Voting on Election Day

Voters drop off their ballots on Tuesday at the Gallatin County Courthouse in Bozeman.

HELENA —At an early morning caucus Wednesday, GOP leaders warned that a bill to give counties the option of a mail-ballot election to fill Montana’s congressional seat could cost Republicans the election, even though proponents say it would save taxpayers money.

Despite that warning, the Senate’s State Administration Committee approved the bill on a bipartisan 6-2 vote, later in the day.

Montana’s anticipating a special congressional election late this spring to fill the U.S. House seat now occupied by Rep. Ryan Zinke, a Republican. President Donald Trump has nominated Zinke to be his secretary of the interior, and his confirmation vote is pending before the U.S. Senate.

At the Senate Republican caucus meeting, state GOP Chair and Rep. Jeff Essmann of Billings and Secretary of State Corey Stapleton both spoke against Senate Bill 305, by Sen. Steve Fitzpatrick, R-Great Falls.

Essmann, a former state senator, said SB 305 was brought with good intentions, but he warned it could hurt Republicans.

The GOP chairman repeated comments he made in an “Emergency Chairman’s Report” email he sent this week with an analysis contending that the bill would disadvantage Republicans in the special election. Essmann predicted a mail-ballot election could increase the turnout of “low-propensity voters” and give Democrats an edge in the special election.

Jeff Essmann (R)

Rep. Jeff Essmann, R-Billings

“All mail ballots give the Democrats an inherent advantage in close elections due to their ability to organize large numbers of unpaid college students and members of public employee unions to gather ballots by going door to door,” Essmann’s letter said.

Democrats, Essmann said, have “perfected the mechanics of using mail ballots” in recent elections. Essmann said he fears “the long-term viability of our Republican Party” if Montana switches to all-mail ballots.

Stapleton, the state’s chief election official, said he wasn’t there to tell Senate Republicans how to vote, but told senators they were the protectors of the Republican form of government. He urged them to think twice about “an all-mail-in ballot.”

“If you look at the three states that have done it, you can see that populism and direct democracy at its best, all three states — Oregon, Washington and Colorado — they do all-mail-in ballots and they’re all marijuana-all-the-time states too,” Stapleton said. “Is that what you want? Because that’s what you’re going to get.”

Defending his bill, Fitzpatrick said his bill isn’t an “all mail-ballot” proposal, but a plan for only the 2017 special congressional election to save counties money. He estimated counties would save a total of $500,000 by using mail ballots exclusively in this election in what is an unbudgeted expense that would be “back-breaking” for some counties. Gallatin County would save $100,000, he said.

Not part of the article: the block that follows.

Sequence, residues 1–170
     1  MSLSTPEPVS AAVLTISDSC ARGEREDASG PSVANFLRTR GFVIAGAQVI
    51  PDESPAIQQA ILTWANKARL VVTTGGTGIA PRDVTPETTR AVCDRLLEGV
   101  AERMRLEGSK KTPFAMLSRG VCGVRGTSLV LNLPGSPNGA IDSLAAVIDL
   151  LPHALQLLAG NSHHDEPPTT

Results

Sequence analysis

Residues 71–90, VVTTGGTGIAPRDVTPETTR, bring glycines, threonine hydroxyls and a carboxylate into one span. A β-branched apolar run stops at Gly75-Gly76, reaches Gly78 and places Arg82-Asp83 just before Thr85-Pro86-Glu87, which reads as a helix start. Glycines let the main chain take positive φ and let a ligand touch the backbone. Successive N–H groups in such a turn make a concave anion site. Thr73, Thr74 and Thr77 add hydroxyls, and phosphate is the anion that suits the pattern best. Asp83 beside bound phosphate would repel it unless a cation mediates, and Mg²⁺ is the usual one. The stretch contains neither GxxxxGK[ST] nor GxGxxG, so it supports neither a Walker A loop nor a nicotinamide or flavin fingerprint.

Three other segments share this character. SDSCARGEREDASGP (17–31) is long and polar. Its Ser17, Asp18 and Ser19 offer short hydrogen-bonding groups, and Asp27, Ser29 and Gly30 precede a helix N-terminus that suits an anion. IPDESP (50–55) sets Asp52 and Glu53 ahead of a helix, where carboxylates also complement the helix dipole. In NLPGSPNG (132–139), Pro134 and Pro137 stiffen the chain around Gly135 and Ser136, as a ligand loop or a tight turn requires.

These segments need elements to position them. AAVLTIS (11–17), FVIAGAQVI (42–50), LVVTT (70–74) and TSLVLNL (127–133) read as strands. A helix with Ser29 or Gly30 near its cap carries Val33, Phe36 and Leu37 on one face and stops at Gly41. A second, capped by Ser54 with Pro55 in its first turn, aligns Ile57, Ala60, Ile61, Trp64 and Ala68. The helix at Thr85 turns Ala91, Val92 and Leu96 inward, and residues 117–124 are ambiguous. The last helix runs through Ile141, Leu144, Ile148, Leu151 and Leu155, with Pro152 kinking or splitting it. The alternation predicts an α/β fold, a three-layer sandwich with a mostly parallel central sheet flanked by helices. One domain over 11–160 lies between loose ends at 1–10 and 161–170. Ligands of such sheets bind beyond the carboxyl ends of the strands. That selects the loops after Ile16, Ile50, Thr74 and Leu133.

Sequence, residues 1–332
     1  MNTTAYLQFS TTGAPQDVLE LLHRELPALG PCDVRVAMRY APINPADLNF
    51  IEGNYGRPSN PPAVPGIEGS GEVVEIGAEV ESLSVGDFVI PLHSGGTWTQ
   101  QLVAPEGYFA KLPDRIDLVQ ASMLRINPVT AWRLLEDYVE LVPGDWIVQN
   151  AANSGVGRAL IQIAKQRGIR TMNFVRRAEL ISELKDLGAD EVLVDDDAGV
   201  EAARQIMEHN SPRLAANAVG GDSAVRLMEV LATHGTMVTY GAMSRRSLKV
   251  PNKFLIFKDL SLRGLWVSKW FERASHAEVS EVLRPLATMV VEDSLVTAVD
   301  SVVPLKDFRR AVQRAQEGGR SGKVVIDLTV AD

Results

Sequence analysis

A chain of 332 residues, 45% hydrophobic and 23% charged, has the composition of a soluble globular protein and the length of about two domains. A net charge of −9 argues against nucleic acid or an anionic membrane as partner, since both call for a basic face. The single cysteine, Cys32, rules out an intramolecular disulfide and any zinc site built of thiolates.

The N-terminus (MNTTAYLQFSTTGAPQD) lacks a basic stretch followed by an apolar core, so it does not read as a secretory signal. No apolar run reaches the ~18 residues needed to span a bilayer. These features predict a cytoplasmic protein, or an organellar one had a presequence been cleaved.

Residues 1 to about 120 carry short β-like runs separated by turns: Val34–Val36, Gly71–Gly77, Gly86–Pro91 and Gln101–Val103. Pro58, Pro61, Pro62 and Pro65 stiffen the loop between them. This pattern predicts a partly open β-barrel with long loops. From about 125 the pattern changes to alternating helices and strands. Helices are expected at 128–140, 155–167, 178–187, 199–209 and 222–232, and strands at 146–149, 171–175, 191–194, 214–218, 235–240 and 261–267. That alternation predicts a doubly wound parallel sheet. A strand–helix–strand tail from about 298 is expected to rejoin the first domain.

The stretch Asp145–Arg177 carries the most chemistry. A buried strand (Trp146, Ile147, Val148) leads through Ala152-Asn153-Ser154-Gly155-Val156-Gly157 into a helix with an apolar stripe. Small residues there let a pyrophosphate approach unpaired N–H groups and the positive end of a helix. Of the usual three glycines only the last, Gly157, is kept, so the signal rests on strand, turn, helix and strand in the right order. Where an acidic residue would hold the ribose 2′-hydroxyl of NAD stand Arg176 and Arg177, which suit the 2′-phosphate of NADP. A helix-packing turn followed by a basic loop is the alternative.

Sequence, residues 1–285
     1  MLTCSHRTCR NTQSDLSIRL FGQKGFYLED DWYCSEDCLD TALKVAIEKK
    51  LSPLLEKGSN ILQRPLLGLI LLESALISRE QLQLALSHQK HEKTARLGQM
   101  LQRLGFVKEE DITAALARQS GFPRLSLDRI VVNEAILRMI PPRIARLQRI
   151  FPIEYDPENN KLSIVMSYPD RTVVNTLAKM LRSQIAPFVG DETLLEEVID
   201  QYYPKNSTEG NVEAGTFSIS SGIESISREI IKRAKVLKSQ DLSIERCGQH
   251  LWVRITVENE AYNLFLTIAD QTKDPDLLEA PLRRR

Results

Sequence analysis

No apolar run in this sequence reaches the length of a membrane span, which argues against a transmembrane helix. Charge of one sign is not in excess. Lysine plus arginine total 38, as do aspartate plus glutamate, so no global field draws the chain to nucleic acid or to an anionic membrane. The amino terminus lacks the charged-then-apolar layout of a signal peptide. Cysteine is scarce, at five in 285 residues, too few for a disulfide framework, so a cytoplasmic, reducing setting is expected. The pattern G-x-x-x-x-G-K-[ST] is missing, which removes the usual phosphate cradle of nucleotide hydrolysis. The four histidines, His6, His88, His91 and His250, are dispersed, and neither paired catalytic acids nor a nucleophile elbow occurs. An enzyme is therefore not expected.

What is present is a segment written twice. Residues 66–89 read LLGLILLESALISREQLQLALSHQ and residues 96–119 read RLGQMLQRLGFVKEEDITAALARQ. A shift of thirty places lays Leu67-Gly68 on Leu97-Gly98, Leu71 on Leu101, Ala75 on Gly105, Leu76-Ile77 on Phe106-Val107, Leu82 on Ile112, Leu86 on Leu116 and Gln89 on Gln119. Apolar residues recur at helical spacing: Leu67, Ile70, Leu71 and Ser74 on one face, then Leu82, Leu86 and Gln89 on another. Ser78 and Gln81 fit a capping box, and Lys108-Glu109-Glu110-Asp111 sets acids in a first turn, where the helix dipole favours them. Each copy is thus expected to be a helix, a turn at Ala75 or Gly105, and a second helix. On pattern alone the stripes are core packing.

His own analysis showed that mail ballots have no impact on election results, Fitzpatrick said.

“Last election we have the highest turnout effort, mostly by mail, and the best performance by Republicans,” Fitzpatrick said.

Some local government officials issued a news release Wednesday supporting the bill. They said they brought the bill to save hundreds of thousands of dollars and provide for an election that would not require trying to secure polling sites and election judges on such a late notice.

“This is a sad chapter in the history of the Republican Party,” said Lewis and Clark County Commissioner Susan Good-Giese, former state GOP chairwoman. “As Republicans, we stand for fiscal conservatism, and SB 305 allows us to spend considerably less on this unbudgeted, unanticipated special federal election. I don’t think people realize that the cost of running elections is borne entirely by counties, using property tax revenues.”

“Just what exactly is a ‘lower propensity voter?’” asked Janice Hoppes, Republican County Commissioner from Pondera County. “This statement further underscores the bad rap Republicans get about voter suppression.”

And Charlotte Mills, Gallatin County’s Republican Clerk and Recorder, also questioned Essmann’s claims, noting that there’s no “early voting” in Montana. She also said that liberal groups had had only marginal success in boosting absentee ballot returns.

“Republicans are supposed to be financially conservative,” she told the Chronicle. “Rather than looking out for taxpayers, they’re playing politics.... But my heartburn isn’t just from the money. It’s also getting judges and the polling places on short notice.”

Chronicle Staff Writer Troy Carter contributed to this story.

Second reading on SB 305

The bill, by Sen. Steve Fitzpatrick, R-Great Falls, would give counties the option of a mail-ballot election to fill Montana’s congressional seat could cost Republicans the election, even though proponents say it would save taxpayers money. It faces a final vote today in the Senate.

See more on the bill.

35 in favor 15 opposed

(With 0 lawmakers excused or absent)

Republicans: 17 in favor, 15 opposed
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Democrats: 17 in favor, 0 opposed
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Chuck Johnson covers politics and the Montana Legislature for the Chronicle.

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